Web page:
NAB 1.48% $18.60 national australia bank limited

exposure a$140m

  1. 32 Posts.
    (Adds Temasek Holdings stake in ABC, statement.)

    By Susan Murdoch
    Of DOW JONES NEWSWIRES

    SYDNEY (Dow Jones)--Australia's largest child-care operator, ABC Learning Centres Ltd. (ABS.AU), was Thursday forced into the hands of receivers after months of escalating concerns over its finances.

    The high-profile failure of ABC Learning follows the collapse of structured financing company Allco Finance Group Ltd. (AFG.AU) earlier this week, as the pair's debt-funded expansion in recent years came unstuck amid the global financial crisis.

    ABC said it had appointed voluntary administrator Ferrier Hodgson while its banking syndicate - which includes international and domestic banks, Commonwealth Bank of Australia (CBA.AU), National Australia Bank Ltd. (NAB), Westpac Banking Corp. (WBK) and Australia and New Zealand Banking Group Ltd. (ANZ) - has appointed McGrathNicol as receivers and managers.

    Westpac confirmed it is owed around A$200 million and ANZ said it has an exposure of around A$182 million to ABC, which has around A$1.2 billion in debt. National Australia Bank said its exposure to the group was around A$140 million.

    The Commonwealth Bank has already written off A$100 million related to ABC listed notes. In December 2007, it committed a further A$280 million as part of a syndicated bank loan.

    "The action (to appoint voluntary administrators) was taken following the directors careful review of the company's future," ABC said in a statement.

    McGrathNicol Partner Chris Honey said the childcare centers will remain open but the boards' decision to appoint administrators indicates the company is insolvent or trading close to insolvency.

    "We are in discussions with the government for the ongoing trading of the childcare centers and we are getting the fullest support from the government and from the group's financiers," Honey told reporters on a teleconference.

    The Australian government last month revealed it had contingency plans in place to deal with the potential collapse of the group, which looks after around 120,000 children and employs more than 16,000 staff.

    The collapse of ABC puts significant pressure on the federal government - which spends hundreds of millions of dollars subsidizing child-care placements - to keep the company running as a going concern.

    Australian Deputy Prime Minister Julia Gillard welcomed news ABC centers will continue to operate as usual but neither Gillard or McGrathNicol would be drawn on whether the government is prepared to financially support the running of some centers.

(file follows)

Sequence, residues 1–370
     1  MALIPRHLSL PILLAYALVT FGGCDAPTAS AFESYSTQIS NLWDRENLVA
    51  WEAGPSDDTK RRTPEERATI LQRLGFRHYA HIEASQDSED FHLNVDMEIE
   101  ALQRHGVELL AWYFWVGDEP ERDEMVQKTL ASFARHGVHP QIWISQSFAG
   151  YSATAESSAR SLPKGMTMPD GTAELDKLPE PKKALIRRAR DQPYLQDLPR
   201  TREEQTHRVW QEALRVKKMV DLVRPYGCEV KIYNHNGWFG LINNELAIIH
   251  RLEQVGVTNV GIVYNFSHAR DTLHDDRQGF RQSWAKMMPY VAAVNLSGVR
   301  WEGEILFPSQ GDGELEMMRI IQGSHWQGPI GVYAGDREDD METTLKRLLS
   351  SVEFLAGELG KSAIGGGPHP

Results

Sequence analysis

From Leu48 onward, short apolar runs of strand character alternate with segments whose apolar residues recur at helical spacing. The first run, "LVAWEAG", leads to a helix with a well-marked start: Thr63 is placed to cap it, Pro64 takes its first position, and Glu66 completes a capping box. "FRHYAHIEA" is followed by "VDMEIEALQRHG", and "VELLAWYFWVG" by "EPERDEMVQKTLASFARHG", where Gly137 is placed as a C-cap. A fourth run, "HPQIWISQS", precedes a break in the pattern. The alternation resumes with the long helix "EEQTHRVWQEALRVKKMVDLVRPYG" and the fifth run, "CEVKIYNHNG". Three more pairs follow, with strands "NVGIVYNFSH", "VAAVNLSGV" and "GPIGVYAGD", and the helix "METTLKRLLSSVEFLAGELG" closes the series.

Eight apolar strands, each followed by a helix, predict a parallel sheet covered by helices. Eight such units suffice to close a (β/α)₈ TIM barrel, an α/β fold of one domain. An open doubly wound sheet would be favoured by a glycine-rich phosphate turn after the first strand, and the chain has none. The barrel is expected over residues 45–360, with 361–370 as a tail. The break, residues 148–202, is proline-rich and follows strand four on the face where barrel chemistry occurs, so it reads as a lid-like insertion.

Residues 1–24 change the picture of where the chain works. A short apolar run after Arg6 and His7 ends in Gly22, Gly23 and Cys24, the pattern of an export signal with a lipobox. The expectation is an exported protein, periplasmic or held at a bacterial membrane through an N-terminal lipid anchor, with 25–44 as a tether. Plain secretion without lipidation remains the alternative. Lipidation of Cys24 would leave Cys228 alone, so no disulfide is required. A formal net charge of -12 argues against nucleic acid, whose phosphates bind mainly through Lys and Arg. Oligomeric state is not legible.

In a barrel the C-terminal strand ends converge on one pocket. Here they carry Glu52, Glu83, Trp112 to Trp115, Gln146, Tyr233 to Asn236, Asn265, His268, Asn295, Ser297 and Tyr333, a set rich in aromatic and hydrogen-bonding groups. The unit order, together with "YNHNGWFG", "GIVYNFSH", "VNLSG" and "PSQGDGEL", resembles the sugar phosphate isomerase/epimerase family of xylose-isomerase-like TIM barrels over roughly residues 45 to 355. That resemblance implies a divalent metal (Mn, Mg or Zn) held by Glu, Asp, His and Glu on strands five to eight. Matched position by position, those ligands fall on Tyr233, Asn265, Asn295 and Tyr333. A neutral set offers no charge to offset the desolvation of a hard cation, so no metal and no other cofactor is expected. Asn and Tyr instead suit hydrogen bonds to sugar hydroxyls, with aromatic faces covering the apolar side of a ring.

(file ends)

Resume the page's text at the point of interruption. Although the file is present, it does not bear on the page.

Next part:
Gillard told reporters in Melbourne that the government is in talks with ABC's creditors, and is "working closely" with administrators and receivers.

    "The government's priority is to ensure working families reliant on ABC Learning can continue to access child care for their children and ABC Learning employees have some immediate stability," Gillard said.

    Honey said the receivers have been approached by potential buyers but it was early days and it is not currently in talks with any parties.

    Shares in ABC have been suspended for more than two months as new auditors Ernst & Young work through its accounts for the year to June 30, 2008.

    The protracted delay prompted concern its accounts may be in worse shape than expected. ABC has flagged a pretax loss of A$437 million for 2007-08 and a restatement of at least two prior years' earnings.

    ABC's founder and chief executive, Eddy Groves, resigned from the company in September.

    Since listing seven years ago, ABC had undertaken a debt-fueled buying spree, expanding Groves' empire into the U.S. and U.K.

    Shareholders, including the Singapore government's Temasek Holdings, have had the value of their investment slashed after ABC's shares plunged from around A$5.18 at the start of the year to last trade at 54 Australian cents.

    "We note the serious development announced by ABC Learning Centres. We are monitoring the situation closely and will explore all options available to us," Temasek's spokeswoman Myrna Thomas told Dow Jones Newswires.

    Temasek owns a 12.68% stake and has invested around US$300 million in ABC.

    In April, as the global credit squeeze tightened, ABC was forced to sell a 60% stake in its U.S. operations to Morgan Stanley Private Equity to help pay down debt.

    The group is also facing a potential class action suit from shareholders from litigation funder IMF Ltd.

    Ferrier Hodgson said a meeting of creditors will be held on Nov. 18.

    Ferrier Hodgson's role will be primarily concerned with creditor and shareholder claims, while McGrathNicol, as receivers and managers, will focus on the continued trading of the business.


    -By Susan Murdoch, Dow Jones Newswires; 61-3-9671-4393 ; [email protected]

 
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